SBIRS Satellite Programs: Aug/05 Developments
Lockheed Martin Space Systems in Sunnyvale, CA has received a pair of cost-plus award-fee contract modifications related to the SBIRS satellite programs from the Headquarters Space and Missile Systems Center at Los Angeles Air Force Base, CA. In related news, the spacecraft core structure and propulasion system for the SBIRS-HIgh satellite has just been delivered.
While SBIRS has had some successful tests and sub-program successes like the AMU, overall SBIRS-High is widely considered to be one of the most troubled satellite programs. It certainly features prominently in controversies and official reports regarding U.S. satellite efforts. Recent SBIRS-High developments include:
One $48.6 contract modification (F04701-95-C-0017, P00313) is for planning and execution for Launch and on-orbit checkout of the SBIRS Geosynchronous Elliptical Orbit (GEO) Satellites, while continually operating the High Elliptical Orbit (HEO) payload. The period of performance for this engineering and technical support is being extended through to June 2010. This contract action supports the SBIRS Combined Task Force located at Boulder, CO. Negotiations were completed July 2005.
An $11.6 million modification (F04701-95-C-0017, P00316), meanwhile, covers an engineering effort that will develop and qualify alternative drop-in single board computers for the SBIRS program. The work will be performed 47% by Lockheed Martin in Sunnyvale, CA, and 53% by Honeywell International in Clearwater, FL. Solicitation began July 2005, and work will be complete by June 2008.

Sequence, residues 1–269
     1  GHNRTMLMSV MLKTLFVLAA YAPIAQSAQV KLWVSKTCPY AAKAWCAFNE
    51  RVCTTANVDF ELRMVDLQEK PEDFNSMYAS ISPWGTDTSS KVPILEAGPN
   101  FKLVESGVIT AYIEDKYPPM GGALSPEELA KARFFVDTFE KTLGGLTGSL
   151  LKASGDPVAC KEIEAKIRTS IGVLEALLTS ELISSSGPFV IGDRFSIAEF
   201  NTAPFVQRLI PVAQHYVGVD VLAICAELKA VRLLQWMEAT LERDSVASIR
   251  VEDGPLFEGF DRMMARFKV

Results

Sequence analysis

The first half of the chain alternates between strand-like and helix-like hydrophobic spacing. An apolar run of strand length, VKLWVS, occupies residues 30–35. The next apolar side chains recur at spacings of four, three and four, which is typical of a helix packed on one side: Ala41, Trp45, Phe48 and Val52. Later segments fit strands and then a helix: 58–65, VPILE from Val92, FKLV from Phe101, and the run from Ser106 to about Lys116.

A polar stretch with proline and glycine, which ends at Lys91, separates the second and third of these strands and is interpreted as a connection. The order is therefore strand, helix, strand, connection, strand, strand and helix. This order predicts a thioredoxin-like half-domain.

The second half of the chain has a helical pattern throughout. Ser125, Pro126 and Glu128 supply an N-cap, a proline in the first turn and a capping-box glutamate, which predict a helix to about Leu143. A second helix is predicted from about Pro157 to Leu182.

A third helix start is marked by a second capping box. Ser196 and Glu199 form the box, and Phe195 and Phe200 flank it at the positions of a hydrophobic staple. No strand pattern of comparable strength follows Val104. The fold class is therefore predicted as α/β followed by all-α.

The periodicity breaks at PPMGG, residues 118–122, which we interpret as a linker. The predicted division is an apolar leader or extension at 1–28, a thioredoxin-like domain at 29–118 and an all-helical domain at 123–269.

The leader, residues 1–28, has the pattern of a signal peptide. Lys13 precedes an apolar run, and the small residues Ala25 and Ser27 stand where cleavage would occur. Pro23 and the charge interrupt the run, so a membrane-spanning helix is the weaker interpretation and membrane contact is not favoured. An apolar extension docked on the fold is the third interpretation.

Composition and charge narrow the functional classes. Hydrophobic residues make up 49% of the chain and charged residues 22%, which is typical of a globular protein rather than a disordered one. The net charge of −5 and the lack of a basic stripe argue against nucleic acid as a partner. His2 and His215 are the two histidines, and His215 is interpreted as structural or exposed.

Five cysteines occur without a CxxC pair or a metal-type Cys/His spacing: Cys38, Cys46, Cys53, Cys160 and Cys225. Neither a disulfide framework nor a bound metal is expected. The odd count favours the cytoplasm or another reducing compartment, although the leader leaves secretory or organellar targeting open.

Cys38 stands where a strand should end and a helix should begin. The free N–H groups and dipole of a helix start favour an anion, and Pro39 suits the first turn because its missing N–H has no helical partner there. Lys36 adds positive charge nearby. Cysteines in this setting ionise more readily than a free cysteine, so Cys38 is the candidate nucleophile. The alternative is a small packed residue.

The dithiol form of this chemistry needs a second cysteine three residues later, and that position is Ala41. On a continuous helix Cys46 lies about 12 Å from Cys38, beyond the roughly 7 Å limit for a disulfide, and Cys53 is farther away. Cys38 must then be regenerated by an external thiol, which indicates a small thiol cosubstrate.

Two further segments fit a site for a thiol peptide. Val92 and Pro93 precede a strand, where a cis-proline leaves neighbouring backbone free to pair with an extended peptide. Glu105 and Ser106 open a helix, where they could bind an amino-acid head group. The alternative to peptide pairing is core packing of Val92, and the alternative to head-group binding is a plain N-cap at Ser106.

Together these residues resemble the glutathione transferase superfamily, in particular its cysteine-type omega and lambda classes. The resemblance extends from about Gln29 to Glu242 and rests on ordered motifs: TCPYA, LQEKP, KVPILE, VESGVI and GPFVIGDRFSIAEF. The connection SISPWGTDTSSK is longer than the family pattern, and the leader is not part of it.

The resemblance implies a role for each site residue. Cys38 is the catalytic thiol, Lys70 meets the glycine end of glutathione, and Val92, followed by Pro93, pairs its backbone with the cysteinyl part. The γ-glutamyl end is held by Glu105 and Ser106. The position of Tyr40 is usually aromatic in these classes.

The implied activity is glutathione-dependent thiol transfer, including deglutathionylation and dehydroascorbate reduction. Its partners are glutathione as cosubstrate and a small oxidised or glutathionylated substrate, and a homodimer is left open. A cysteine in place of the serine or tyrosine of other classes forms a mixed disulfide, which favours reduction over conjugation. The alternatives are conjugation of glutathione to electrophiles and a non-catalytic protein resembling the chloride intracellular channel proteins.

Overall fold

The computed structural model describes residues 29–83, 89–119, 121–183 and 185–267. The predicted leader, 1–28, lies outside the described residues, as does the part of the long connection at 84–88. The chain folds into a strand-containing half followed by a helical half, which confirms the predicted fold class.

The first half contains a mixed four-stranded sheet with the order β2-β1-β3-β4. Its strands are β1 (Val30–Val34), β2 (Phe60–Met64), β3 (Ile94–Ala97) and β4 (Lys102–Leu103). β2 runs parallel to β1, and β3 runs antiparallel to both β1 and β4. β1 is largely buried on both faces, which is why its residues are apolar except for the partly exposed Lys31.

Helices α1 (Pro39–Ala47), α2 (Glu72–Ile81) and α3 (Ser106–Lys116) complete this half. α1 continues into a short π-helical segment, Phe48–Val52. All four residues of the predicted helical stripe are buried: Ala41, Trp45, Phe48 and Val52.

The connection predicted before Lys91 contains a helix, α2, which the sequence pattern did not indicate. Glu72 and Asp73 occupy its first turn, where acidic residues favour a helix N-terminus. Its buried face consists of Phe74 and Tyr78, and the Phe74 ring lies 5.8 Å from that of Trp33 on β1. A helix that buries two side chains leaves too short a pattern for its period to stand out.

In addition, as noted above, Lockheed Martin has now delivered the spacecraft core structure with an integrated propulsion subsystem for the first Space-Based Infrared System High (SBIRS-High) geosynchronous orbit (GEO) satellite. In addition to housing the propulsion subsystem, the delivered SBIRS core provides the load-bearing structure for all other satellite components including the scanner and starer infrared payloads. It has arrived at Lockheed Martin’s facilities in Sunnyvale, CA, in preparation for spacecraft assembly, integration and test scheduled to begin later this year.
The SBIRS propulsion subsystem consists of 18 reaction engine assemblies, a fuel tank, two oxidizer tanks, and a liquid apogee engine. The design is based on Lockheed Martin’s flight-proven A2100 geosynchronous spacecraft series.
Developed and tested at Lockheed Martin’s Mississippi Space & Technology Center at the John C. Stennis Space Center, the propulsion subsystem is essential for maneuvering the satellite during transfer orbit to its final location as well as conducting on-orbit repositioning maneuvers throughout its mission life.
More than 95% of the flight components for the first SBIRS spacecraft have now been delivered. Northrop Grumman Electronic Systems in Azusa, CA is delivering the payload systems.
When fully operational, SBIRS-High will comprise 2 payloads in highly elliptical orbit (HEO), 4 satellites in geosynchronous orbit (GEO), as well as fixed and mobile ground-based assets to receive and process the infrared data. The Lockheed – Northrop Grumman team has completed the HEO payloads, and is on track to begin final integration and test of the first GEO satellite later this year in preparation for launch in FY 2008.
SBIRS will support missile defense by providing the earliest possible warning of ballistic and tactical theatre missile attacks, providing accurate warning and information that allows ABM systems to engage the threat as quickly as possible. In addition to providing early warning of missile launches, SBIRS will support other critical missions including missile defense, technical intelligence and battlespace characterization.